The effects of moving customers from low margin consumables to much higher margin consumables means, as part of our mission, that we can share the cost savings with the customer on each unit sold, while we're more profitable. And so what happens is, we get higher gross margins, but for a limited time it drags on the topline revenue at the same unit volumes, because we share some of the cost savings.

So the way I would look at it is, let's say, we sell a router for $20 with a 30% gross margin, $6. And then, we've now developed a router with 70% gross margins. And so, we're able to help the customer, we go to the customer and say, hey, we can offer you a 10% savings on that router. We're going to upgrade you to a new platform and we sell you rotors for $18. Now we're realizing 70% gross margins. We're going to go and share that $2 back with the customer. So, we're still going to realize $12.60 in gross margin instead of $6, like we were yesterday in that customer site. But every router that customer uses is only going to generate $18 in revenue as opposed to $20.

So that saves $2, the pet family probably saves around $6 on that test. We dampen our revenue about 10%, while we gain over 100% in profitability. And so that's -- when that happens at scale, when you're converting as fast as we're converting, that's where you pick up the couple 100 basis points in gross margin. And so, if you look at right of way, we always want to grow revenue, but we also want to grow gross margin. And when there is a right of way issue, we're going to prioritize the gross margin and going to share some of the top-line revenue with the customer, which is really, again, as part of our mission is to save the customer money and do a better job form clinically at the same time.

I'm sorry that was a long answer, but I just -- I think it's a really important one because people look at that number and go, oh my god, it's flat. I look at that number and go, wow that's great, it should be flat. You kind of want to get that just about right. Now it's wonderful if you can get outsized growth in addition to get in the flower bed that you want and all the dynamics that I just -- but again, when a right of way issue happens, I'll prioritize faster subscriptions, much higher gross margins and getting those customers over to our product platform.

I think the second question was about the full year guide at the lower end of the range. And I'll just say, really there is $4.4 million that we called out with supply chain in the third quarter will run out of the calendar and to get some or any of that back and then forex and the other things, I think Catherine called out.

Catherine, I don't know if you want to add any color for Chris?

Catherine Grassman -- Executive Vice President and Chief Financial Officer

No, I think that's good.

Chris Schott -- JPMorgan -- Analyst

Appreciate the color.

Operator

And our next question will come from David Westenberg with Guggenheim Securities.

David Westenberg -- Guggenheim Securities -- Analyst

Hi. Thanks for taking the question. I might ask -- I'm going to ask a little bit of a pointed question, but I think it's fair for you guys to kind of defend this here. The consumables -- North America consumables did miss me. I think historically you've said you don't look at this as kind of a market share kind of number.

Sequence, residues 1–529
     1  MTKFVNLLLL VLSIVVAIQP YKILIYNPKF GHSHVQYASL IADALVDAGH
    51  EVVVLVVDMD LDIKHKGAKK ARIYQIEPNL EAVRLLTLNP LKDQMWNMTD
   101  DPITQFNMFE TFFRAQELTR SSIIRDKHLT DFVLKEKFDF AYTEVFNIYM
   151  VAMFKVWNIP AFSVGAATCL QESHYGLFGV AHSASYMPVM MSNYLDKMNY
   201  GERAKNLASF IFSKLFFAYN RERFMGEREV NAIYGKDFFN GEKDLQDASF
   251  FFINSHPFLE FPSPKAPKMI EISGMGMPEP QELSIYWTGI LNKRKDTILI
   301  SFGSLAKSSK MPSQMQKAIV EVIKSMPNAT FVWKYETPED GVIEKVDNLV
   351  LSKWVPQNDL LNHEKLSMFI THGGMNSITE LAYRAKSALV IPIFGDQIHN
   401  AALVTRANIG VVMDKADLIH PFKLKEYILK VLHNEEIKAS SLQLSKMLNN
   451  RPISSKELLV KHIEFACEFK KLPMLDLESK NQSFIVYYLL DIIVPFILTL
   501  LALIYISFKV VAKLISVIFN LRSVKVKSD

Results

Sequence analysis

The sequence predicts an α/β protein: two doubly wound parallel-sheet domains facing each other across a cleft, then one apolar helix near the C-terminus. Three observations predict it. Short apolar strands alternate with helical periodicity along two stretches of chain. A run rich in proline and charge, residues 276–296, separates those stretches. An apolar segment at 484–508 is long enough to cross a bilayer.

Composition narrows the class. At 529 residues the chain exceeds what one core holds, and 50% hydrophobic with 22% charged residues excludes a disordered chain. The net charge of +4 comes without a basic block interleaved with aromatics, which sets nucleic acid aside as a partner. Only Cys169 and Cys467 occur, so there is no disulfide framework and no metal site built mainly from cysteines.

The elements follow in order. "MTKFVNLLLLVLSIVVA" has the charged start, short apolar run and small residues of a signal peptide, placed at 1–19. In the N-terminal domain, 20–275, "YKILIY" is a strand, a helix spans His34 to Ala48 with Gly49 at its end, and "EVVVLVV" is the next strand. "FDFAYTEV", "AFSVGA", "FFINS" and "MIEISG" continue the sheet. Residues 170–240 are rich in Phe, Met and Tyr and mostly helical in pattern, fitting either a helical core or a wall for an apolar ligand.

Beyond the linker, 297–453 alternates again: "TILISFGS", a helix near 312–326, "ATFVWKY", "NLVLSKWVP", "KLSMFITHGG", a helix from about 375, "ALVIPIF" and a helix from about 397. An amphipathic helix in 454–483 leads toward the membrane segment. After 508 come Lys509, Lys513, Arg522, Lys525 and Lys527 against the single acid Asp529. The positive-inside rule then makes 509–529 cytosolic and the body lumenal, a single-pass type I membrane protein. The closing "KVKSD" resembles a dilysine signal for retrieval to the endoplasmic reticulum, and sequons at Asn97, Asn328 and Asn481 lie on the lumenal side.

Now we all have access to things like that success data, IDEXX's PIMS data and we are seeing trends of both veterinary volume and veterinary revenue that look like it's above market. It look like there was a decel there and so it's probably tough to use one quarter as example, but traditionally we think of you guys as being a little bit more of a market share gainer. Is there anything we can read into that one quarter number in terms of where you think you are in market share position? I apologize I realize that's a pretty pointed question, but I think it would be -- give you the opportunity to defend.

Kevin Wilson -- Chief Executive Officer and President

So I'll start and Catherine probably has additional information. We feel good about our market share. We know what our subscriptions are. We know who is on a subscription and who is getting product every month. And so I really don't think it's a market share question. I think 10.1% is right around where Catherine was guiding. I think our bigger competitor did a little better than that, but I wouldn't say earth shatteringly. So, I haven't looked at their numbers in detail. So, yeah, I wouldn't say I'm disappointed. I think it actually rolls up with what we think in the fourth quarter to right where, Catherine, I think, was indicating for the year.

So, Catherine, do you have anything that you want to add?

Catherine Grassman -- Executive Vice President and Chief Financial Officer

Yeah. No, I mean, I think that's spot on. I also think we typically tend to see a slowing from Q2 to Q3 seasonally. Every year last year was a oddity with COVID. I think our major competitor sees the same trend, so...

David Westenberg -- Guggenheim Securities -- Analyst

Okay. No problem. All right. Thank you. And then, you punch above your weight in terms of consolidators for your size and percent of market share for consolidators in North America. We did see an acceleration in terms of consolidation. I mean, some industry people have 1,500 clinics that are going to get consolidated in 2021, which would be a massive uptick. Do you feel comfortable with your position with consolidated practices? Do you think you continue to punch above your weight? And do you think that there's going to be continued tailwinds from that? And I'll hop back in queue after this one.